Yes, signaling loyalty to whatever categories you belong to looks to me like a slightly stronger motivation for most people than signaling status. Related to both is signaling conformity to people's stereotypes regarding the categories you fit into, e.g. fitting in.

Relevantly, in American culture fitting in and narrow in group loyalties are denegrated by popular culture while the attempt go succeed, e.g. to gain status especially in contests, is strongly promoted. How many heroes of American stories fit in? How many succeed against all odds? Contrast to medieval or ancient stories where trying to raise one's status might be hubris or invite the evil eye.

comment by orthonormal · 2009-12-30T01:39:14.582Z · LW(p) · GW(p)

A neat example of this point was the instantaneous display of American flags after 9/11 in most comunities. As David Foster Wallace's article at the time illustrates, the people couldn't effectively articulate why the urge to participate in this way was so strong, but the explanation of "showing you identify with and support a particular group over and above other loyalties" makes perfect sense of it all.

(Of course, once flag-displaying reaches a critical mass within a community, the pressures of conformity suffice as an explanation; but the speed with which communities ubiquitously reached that threshold has to be explained otherwise.)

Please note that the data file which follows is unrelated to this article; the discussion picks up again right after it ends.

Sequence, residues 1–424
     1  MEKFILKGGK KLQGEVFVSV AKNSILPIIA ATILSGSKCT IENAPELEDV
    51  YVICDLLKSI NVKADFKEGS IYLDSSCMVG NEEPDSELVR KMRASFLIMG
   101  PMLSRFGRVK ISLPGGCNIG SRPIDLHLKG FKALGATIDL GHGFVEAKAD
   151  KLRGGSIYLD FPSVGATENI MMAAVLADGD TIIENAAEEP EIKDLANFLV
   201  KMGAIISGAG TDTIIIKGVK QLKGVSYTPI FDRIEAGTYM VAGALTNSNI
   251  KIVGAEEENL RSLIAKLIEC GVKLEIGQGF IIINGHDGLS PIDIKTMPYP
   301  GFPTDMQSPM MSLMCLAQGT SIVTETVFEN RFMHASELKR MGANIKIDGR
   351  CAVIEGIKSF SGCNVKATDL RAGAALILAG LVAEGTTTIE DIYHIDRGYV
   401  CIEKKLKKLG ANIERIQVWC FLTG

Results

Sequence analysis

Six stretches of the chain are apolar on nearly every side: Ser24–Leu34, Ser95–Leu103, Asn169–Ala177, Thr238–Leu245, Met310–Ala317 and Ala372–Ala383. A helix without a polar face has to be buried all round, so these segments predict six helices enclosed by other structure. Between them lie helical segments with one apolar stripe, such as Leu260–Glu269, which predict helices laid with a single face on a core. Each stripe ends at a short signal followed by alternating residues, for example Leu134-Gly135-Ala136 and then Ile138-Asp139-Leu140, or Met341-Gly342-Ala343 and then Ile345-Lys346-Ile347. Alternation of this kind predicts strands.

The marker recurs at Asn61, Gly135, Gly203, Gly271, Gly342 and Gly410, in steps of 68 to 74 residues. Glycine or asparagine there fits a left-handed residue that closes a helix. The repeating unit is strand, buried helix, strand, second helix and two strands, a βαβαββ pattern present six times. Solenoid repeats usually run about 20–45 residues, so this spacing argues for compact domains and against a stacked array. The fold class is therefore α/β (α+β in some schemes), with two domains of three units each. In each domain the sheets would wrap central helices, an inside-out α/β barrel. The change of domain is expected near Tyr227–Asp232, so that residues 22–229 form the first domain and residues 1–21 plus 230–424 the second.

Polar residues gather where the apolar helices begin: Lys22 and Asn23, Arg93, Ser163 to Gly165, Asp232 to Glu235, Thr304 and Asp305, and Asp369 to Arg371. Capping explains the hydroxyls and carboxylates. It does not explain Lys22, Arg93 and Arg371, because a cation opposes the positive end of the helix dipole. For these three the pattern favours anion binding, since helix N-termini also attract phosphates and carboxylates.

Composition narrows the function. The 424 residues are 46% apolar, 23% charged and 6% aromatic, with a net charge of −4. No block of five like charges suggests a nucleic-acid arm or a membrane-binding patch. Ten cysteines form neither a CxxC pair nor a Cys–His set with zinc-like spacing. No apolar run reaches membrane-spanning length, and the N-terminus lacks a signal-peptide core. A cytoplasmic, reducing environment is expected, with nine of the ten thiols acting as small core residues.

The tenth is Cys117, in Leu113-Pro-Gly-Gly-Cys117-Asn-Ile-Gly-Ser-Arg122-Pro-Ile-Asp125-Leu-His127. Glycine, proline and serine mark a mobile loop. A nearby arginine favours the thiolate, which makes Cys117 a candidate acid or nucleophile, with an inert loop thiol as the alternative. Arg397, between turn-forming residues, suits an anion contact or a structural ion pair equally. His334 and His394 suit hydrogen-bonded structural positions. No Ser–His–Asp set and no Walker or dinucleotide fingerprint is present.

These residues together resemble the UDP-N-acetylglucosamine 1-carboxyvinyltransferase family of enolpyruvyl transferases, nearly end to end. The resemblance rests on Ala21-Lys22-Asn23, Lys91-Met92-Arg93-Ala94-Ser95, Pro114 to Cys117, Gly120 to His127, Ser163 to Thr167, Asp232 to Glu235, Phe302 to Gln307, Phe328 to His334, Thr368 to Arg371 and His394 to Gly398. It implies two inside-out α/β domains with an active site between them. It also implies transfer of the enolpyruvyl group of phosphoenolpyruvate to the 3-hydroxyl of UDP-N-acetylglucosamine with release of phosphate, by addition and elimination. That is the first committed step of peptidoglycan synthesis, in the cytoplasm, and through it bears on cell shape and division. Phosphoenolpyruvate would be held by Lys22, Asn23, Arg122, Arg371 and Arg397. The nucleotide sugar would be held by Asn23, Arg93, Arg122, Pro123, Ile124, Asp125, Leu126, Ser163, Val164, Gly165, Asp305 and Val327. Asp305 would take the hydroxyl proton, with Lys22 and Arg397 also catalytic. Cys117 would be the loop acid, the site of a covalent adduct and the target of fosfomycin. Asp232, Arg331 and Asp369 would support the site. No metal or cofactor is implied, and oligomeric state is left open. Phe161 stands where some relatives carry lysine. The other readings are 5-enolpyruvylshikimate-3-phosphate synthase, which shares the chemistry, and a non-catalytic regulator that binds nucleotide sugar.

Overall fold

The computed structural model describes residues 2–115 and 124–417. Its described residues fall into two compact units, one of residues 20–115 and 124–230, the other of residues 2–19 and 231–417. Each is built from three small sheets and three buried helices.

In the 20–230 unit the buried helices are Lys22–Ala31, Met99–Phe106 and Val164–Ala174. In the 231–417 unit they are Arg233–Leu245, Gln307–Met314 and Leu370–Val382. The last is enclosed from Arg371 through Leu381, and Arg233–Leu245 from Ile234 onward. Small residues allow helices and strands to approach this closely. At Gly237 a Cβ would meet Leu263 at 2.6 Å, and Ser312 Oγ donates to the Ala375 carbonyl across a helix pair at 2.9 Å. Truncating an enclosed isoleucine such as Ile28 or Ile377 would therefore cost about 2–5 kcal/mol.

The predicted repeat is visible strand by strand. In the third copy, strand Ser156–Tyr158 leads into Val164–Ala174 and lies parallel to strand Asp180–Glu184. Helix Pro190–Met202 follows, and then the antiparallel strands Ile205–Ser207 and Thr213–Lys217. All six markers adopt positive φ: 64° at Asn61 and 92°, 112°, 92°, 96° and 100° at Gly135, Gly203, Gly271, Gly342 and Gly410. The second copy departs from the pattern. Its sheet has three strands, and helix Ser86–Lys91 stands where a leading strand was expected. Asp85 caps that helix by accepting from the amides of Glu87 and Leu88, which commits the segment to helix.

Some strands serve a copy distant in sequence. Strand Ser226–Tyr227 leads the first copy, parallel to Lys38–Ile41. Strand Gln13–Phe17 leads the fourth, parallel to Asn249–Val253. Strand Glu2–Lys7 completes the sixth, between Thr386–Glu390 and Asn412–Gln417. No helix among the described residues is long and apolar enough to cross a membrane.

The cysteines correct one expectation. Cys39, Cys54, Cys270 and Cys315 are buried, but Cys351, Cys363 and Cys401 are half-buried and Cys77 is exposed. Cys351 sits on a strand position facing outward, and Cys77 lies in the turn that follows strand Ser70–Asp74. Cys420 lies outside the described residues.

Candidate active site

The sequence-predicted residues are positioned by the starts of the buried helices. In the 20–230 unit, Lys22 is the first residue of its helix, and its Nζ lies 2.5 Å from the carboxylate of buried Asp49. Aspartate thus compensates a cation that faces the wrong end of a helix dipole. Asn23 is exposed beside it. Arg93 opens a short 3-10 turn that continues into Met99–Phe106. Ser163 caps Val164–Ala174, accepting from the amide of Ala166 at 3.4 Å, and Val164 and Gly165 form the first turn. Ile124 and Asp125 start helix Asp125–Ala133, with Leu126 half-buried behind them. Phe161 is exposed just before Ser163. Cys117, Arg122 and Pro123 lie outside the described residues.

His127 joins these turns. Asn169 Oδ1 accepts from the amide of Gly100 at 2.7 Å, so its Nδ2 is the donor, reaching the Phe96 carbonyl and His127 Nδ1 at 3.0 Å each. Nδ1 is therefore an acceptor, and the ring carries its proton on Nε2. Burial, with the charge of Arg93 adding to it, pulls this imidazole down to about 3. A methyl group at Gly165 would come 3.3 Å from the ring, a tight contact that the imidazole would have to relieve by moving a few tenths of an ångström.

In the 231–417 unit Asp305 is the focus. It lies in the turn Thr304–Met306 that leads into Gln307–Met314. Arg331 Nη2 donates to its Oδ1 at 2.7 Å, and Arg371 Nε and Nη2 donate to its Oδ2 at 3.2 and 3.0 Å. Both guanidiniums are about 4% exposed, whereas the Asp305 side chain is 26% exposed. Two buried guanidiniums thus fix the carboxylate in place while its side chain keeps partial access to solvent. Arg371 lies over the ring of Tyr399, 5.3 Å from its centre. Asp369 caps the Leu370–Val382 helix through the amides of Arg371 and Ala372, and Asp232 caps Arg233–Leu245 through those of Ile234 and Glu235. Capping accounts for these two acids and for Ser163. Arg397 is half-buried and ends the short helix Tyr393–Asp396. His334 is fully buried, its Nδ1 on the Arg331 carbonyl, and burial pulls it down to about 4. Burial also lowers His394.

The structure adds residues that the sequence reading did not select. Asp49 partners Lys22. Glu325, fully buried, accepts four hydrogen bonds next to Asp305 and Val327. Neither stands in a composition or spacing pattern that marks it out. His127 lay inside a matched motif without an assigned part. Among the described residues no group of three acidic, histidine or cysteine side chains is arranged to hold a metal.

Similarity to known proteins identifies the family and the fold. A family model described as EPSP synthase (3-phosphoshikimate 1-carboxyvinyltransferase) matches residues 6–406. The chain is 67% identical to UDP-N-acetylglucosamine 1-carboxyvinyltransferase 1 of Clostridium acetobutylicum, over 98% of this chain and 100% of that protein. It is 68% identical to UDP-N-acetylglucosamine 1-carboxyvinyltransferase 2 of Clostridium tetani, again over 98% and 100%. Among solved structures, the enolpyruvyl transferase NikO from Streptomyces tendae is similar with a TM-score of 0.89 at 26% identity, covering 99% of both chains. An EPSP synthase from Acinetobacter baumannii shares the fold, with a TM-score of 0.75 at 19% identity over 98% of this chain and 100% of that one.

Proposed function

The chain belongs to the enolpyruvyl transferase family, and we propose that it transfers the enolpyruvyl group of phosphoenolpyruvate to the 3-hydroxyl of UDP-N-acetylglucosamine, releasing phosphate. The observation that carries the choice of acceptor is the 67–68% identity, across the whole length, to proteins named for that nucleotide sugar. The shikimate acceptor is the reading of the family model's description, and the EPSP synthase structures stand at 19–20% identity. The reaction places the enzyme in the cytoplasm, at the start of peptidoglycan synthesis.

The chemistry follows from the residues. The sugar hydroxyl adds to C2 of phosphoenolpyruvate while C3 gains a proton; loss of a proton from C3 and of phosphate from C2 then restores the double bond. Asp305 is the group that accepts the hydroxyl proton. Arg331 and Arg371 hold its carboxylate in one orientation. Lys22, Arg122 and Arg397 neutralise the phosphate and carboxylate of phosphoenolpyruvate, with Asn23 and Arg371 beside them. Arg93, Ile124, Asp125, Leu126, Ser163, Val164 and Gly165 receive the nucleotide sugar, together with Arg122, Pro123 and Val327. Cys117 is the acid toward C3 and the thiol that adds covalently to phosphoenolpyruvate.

comment by NancyLebovitz · 2009-12-29T14:14:10.273Z · LW(p) · GW(p)

An example of status wire-heading-- Razib discovers that incoherent moralistic ranting feels really good.

Replies from: orthonormal, Document
comment by orthonormal · 2009-12-30T02:35:34.975Z · LW(p) · GW(p)

Brilliant find! This and Yvain's post suggest the outlines for an analysis of trolling...

comment by Document · 2016-10-20T05:06:03.068Z · LW(p) · GW(p)

Initial reaction: "That's news?".

That said, your link seems to be dead, with no archive. Do you have it saved?

Replies from: NancyLebovitz
comment by NancyLebovitz · 2016-10-20T12:23:22.558Z · LW(p) · GW(p)

Thanks for letting me know.

Here's the correct link:

Fortunately, I didn't need an archive, I just made a good guess about the correct title of the article and searched.

I have no idea where that php in the original link came from.

I still recommend the article-- Razib does irrational ranting for fun and offers a vivid description of how much fun it is.